Rohan Taylor will take over as Australia's swimming head coach for the Tokyo Olympics after Jacco Verhaeren announced he will return home to The Netherlands due to personal reasons.
Verhaeren had been set to cut ties with Swimming Australia after his contract expired following the 2020 Tokyo Games.
But after the Olympics were postponed until 2021 due to coronavirus, Verhaeren said he had made the tough decision to depart in September with his family.
Taylor, the former coach of three-time Olympic gold medallist Leisel Jones, takes over the top job for 12 months before Swimming Australia launches a search for a full-time replacement.
Verhaeren, who worked with the Dutch national team coaching the likes of Olympic champions Pieter van den Hoogenband and Inge de Bruijn, revitalised Australian swimming after being hired as Dolphins head coach in late 2013.
He took over after a "toxic" 2012 London Olympic campaign where Australia won just one gold - their worst medal tally in a Games pool for 20 years.
He took steps to not only change the Dolphins' team culture but their structure, including shifting selection trials closer to major meets, a tactic that had proved successful for the world leading United States.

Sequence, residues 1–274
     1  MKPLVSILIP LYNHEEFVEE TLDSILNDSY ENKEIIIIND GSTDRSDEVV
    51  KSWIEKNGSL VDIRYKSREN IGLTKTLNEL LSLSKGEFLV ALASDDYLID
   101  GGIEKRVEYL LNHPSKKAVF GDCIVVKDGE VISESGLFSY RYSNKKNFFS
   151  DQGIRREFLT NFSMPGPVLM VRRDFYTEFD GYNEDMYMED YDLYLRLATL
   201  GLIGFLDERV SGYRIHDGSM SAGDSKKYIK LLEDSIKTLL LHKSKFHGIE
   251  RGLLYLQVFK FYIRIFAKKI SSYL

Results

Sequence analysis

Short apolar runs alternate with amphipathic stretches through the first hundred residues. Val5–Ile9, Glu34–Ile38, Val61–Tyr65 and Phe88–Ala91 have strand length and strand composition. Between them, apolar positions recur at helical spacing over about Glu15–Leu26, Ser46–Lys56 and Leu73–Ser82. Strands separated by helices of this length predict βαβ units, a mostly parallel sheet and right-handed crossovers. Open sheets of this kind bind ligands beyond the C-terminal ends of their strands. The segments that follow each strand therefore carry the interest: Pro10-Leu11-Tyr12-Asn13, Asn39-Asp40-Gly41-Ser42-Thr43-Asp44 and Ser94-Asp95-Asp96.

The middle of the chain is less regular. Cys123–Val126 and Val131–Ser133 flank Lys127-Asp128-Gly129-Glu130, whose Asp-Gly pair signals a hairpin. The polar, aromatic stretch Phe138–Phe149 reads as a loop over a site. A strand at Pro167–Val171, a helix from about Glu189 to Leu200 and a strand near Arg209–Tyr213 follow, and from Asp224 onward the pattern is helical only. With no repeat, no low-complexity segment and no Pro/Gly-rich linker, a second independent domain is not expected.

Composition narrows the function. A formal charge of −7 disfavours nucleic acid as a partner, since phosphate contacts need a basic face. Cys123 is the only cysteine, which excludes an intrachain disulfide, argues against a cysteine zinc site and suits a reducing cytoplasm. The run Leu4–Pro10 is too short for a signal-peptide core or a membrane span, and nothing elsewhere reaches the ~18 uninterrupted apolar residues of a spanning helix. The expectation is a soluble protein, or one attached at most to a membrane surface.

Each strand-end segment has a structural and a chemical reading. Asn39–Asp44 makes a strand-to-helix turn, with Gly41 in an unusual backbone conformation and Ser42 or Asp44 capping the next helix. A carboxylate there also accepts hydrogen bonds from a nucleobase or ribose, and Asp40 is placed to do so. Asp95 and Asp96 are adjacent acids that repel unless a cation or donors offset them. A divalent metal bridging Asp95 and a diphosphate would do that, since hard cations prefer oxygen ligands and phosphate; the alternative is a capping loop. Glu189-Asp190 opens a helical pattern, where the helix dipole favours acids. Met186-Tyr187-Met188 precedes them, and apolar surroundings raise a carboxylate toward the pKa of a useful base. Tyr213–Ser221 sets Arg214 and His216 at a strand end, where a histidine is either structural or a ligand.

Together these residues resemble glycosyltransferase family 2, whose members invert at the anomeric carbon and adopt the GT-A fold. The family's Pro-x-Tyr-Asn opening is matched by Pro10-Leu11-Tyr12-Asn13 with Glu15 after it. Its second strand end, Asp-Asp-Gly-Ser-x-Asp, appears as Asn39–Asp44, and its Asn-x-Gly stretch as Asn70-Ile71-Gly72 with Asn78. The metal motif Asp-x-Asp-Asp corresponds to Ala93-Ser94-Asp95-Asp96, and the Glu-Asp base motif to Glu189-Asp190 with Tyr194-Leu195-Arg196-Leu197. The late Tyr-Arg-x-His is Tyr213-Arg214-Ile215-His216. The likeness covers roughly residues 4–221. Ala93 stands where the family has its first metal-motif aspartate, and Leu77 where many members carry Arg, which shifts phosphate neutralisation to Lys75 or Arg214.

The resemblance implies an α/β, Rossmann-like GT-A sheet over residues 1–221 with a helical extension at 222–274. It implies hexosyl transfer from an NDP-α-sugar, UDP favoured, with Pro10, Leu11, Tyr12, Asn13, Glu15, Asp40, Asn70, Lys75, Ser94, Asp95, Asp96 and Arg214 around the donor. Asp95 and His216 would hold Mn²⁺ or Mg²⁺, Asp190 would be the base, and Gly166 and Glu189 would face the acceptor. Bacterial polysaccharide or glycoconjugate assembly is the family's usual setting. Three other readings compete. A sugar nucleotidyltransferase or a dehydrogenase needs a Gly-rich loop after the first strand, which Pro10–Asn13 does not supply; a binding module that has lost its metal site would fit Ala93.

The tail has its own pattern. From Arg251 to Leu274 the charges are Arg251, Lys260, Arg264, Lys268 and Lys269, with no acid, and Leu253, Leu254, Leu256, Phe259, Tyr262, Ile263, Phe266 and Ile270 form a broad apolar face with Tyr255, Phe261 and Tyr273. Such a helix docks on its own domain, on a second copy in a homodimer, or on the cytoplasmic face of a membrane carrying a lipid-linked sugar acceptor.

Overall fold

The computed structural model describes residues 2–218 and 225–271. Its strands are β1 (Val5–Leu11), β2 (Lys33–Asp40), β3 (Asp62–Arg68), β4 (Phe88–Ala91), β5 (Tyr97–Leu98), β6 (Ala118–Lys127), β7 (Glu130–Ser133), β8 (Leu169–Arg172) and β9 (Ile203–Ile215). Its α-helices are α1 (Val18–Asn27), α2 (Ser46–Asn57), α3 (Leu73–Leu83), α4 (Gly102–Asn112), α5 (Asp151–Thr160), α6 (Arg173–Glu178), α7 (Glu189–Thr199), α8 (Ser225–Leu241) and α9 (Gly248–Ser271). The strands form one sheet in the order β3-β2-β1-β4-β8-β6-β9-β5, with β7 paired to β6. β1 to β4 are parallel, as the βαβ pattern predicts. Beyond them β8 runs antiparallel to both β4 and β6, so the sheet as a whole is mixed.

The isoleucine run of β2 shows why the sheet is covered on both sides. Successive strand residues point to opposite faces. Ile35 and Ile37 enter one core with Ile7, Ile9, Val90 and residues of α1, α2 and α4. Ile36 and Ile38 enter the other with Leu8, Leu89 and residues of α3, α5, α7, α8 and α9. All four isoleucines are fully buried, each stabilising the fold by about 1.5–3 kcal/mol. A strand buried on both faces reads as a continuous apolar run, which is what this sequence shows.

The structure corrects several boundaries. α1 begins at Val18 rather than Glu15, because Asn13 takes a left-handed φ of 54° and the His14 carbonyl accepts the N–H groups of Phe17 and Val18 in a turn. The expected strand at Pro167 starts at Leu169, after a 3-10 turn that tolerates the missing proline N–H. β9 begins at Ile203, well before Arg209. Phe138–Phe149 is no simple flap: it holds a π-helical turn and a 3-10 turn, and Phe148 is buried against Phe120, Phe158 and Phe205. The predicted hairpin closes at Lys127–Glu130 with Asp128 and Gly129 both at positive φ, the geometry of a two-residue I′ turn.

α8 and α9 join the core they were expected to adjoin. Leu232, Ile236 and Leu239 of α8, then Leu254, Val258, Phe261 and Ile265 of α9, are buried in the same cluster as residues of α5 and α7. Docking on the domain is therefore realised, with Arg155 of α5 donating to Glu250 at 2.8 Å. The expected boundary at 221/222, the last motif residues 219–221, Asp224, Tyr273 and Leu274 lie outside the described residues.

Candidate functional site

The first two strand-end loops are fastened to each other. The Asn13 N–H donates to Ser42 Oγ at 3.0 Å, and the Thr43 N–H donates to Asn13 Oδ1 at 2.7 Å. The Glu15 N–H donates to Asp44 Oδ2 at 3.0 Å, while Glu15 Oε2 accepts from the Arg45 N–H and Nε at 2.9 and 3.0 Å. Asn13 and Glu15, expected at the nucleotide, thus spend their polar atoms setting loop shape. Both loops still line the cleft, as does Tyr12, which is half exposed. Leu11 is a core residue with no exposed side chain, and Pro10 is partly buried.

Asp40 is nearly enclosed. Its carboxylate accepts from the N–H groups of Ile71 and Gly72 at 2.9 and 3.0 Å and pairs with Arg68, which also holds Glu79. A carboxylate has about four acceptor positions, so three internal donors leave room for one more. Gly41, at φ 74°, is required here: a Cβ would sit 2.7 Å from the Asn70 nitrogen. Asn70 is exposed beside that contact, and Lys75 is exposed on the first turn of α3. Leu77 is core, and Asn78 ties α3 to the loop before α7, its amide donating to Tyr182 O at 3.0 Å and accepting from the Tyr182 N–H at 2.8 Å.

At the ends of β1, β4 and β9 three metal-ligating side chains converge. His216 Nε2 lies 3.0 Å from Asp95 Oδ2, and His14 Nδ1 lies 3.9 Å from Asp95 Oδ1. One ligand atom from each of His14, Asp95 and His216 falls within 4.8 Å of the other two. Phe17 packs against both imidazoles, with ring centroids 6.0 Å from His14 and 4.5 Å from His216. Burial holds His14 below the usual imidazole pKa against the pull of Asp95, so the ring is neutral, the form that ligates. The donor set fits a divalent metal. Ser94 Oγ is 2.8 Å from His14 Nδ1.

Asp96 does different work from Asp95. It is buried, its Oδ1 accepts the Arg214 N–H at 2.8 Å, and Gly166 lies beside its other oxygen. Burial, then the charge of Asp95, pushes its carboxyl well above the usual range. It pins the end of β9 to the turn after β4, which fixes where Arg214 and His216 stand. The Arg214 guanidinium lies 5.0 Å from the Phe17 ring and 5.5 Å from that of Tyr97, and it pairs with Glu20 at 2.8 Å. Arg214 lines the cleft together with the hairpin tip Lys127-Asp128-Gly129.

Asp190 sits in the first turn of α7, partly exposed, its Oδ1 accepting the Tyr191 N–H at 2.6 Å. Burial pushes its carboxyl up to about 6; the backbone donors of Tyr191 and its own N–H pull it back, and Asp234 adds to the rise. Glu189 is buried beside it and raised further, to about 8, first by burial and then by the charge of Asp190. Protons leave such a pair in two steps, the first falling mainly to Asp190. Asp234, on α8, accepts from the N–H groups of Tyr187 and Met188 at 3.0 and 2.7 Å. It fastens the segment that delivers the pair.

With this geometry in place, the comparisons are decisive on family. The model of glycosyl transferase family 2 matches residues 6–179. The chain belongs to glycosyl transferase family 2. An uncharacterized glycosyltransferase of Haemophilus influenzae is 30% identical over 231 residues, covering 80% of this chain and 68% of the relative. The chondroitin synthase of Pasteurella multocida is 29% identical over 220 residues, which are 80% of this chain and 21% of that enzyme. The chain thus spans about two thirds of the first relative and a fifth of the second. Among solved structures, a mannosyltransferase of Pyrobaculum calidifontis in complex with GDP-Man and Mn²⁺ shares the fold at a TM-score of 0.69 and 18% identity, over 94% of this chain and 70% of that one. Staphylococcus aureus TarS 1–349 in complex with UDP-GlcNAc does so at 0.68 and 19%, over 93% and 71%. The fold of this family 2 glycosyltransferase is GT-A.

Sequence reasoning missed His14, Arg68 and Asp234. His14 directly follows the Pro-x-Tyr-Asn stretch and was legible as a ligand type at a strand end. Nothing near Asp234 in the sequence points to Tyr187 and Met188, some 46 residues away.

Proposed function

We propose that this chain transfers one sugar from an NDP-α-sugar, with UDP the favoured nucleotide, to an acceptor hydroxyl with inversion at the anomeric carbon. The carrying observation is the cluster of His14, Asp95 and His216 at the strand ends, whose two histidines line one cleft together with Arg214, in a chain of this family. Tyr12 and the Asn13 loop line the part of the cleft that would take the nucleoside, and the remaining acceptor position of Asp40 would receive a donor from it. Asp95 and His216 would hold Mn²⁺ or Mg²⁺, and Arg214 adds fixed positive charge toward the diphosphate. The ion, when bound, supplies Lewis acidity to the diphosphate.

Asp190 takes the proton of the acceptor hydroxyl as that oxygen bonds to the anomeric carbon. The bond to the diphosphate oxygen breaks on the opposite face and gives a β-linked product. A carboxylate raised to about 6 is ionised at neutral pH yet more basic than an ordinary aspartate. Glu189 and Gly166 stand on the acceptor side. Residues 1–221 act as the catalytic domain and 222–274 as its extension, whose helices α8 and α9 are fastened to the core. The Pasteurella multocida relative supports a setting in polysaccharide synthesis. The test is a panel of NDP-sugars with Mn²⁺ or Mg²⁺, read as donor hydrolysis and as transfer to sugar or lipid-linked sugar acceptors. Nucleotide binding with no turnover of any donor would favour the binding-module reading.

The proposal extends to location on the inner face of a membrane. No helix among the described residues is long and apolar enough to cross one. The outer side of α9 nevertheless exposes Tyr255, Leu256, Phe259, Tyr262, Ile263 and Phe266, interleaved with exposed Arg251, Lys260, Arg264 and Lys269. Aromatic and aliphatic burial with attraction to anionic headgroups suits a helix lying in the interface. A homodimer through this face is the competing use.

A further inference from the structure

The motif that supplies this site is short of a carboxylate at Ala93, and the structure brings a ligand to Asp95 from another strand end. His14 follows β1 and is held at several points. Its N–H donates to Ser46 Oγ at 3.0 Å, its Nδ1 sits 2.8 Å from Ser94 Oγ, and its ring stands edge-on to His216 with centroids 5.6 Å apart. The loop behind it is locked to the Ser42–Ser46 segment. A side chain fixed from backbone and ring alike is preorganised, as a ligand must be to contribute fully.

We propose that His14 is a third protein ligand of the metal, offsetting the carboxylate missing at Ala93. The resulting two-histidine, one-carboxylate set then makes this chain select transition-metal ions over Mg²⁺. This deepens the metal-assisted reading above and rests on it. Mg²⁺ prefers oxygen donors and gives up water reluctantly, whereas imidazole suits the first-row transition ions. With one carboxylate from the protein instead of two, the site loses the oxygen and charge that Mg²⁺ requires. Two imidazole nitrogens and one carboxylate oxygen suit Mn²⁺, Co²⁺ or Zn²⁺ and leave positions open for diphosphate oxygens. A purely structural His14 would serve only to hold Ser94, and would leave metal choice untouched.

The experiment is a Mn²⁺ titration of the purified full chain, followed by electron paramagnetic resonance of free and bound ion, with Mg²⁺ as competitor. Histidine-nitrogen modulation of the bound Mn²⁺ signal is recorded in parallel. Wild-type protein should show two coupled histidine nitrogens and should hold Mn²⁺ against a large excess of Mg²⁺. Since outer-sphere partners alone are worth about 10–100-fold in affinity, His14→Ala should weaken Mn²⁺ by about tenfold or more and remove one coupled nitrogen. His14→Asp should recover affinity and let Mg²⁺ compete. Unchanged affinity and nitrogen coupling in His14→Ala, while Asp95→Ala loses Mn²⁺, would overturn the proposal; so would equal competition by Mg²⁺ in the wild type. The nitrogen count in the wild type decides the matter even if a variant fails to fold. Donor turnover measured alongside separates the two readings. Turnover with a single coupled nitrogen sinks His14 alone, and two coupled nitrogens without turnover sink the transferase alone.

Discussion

Verhaeren said he was tempted to extend his contract until the 2021 Tokyo Games despite making the decision to relocate with his family to Europe but believed it would have been a "selfish" move.
"It (Europe move) is more about having two teenage boys that will go back to school in The Netherlands, that was always the plan," he said.
"What wasn't the plan was the Olympics next year.
"I definitely tried to look at a way to extend this contract, we spoke about different scenarios, but this role requires full attention, not having a coach who has family interests overseas.
"It would have been a selfish choice to say I would travel back and forth - that is not the way it works here."
Verhaeren backed his successor Taylor, who he will help transition into the Dolphins top job over his remaining time in Australia.
Taylor - currently state head coach for Victoria and Tasmania - has worked under Verhaeren in a number of campaigns as the Dolphins team's coach leader.
Swimming Australia CEO Leigh Russell said on Wednesday Taylor would be considered for the full-time gig after Tokyo if he was interested.
Taylor was unsure whether he wanted the reins long term.
"It comes down to being an audition. The focus is this (Tokyo) campaign," Taylor said.
"I think at that time (after Tokyo) I will make a decision. I could get to the end of this and say 'that will do me' or I might be really excited and want to take it on - I will let it play out."
Swimming Australia president John Bertrand said Verhaeren would leave with their blessing after taking the sport in the country to a "new level".
Under Verhaeren, Australia reclaimed their world No.2 spot with three gold at the Rio Olympics and runners-up finishes at the 2015 and 2019 world titles.
Australian Associated Press